Japan's emperor marks 20th anniversary on throne
Japan's Emperor Akihito, marking the 20th anniversary of his coronation Thursday, says he is concerned young people are forgetting their history, AP reported.
Akihito said Japan must not forget its past - and especially the turbulent years his father, the late Emperor Hirohito, was on the throne - if it is to learn from its mistakes.
"What worries me most is that the history of the past will gradually be forgotten," the 75-year-old monarch said at a brief news conference before Thursday's anniversary. He said it was regrettable Hirohito will be remembered by history for World War II and Japan's military advances into Asia prior to its defeat in 1945.
"The reign of my father began at a very difficult time," he said, noting that Japan invaded Manchuria six years after Hirohito ascended the Chrysanthemum Throne. "There are many lessons that we can learn from the 60-some years of his reign."
"He viscerally knew the importance of peace," Akihito said.
Japan has often been criticized by its neighbors - who bore the brunt of Japanese colonialism - for whitewashing the country's role in World War II in its school textbooks. Although Akihito has visited China, he has yet to travel to South Korea, largely because of lingering animosities over the war.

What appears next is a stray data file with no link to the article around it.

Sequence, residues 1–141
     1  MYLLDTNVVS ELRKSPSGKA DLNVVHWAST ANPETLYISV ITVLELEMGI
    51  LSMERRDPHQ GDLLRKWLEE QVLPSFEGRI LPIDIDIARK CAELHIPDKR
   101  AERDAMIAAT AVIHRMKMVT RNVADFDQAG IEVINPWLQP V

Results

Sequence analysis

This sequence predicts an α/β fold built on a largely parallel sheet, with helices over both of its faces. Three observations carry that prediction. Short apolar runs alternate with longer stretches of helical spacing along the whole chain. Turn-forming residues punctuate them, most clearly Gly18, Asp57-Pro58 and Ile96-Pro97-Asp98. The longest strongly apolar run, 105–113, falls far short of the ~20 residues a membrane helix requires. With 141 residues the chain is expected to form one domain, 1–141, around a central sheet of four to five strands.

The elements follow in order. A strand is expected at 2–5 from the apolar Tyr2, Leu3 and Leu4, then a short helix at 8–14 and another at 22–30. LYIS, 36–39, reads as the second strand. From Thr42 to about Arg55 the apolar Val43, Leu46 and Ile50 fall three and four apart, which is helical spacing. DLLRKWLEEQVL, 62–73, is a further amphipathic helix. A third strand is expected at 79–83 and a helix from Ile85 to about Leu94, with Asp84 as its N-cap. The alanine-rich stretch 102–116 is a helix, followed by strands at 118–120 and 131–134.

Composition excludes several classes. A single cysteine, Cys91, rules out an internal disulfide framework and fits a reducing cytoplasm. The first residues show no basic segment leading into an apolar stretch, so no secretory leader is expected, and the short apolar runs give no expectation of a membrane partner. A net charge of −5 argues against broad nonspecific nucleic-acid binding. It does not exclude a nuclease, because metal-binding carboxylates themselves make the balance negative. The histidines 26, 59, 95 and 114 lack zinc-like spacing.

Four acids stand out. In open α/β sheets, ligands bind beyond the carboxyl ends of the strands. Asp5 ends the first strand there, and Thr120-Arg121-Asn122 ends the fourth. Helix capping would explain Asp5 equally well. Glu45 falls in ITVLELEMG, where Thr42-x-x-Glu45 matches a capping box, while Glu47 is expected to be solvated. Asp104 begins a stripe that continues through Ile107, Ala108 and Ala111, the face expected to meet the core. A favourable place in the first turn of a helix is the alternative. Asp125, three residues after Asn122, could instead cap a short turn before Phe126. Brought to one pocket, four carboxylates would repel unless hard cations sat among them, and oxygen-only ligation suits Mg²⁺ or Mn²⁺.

Until Japan's surrender, Hirohito was officially considered a living god and loyalty to the throne was used to rally the nation behind the war, though historians generally agree that it was more often the generals, admirals and politicians who made the major decisions that set the country's disastrous course.
Over the past 20 years, Akihito and his wife, Empress Michiko, have grown quietly into their roles as ceremonial symbols of the nation, a definition of the Japanese monarchs imposed by U.S. military leaders during the Japanese occupation.
Akihito's primary role is that of a figurehead. He presides over rituals at the palace shrines, gives out awards, meets foreign dignitaries and swears in new Cabinets.
His public comments are famously circumspect, avoiding subjects that might have political implications, and off-the-cuff remarks are almost unheard of. The questions he answered at the pre-anniversary news conference were submitted to the palace well in advance, and he had written answers prepared.
Akihito was coronated nearly a year after Hirohito died on Jan. 7, 1989 because the country was officially in mourning.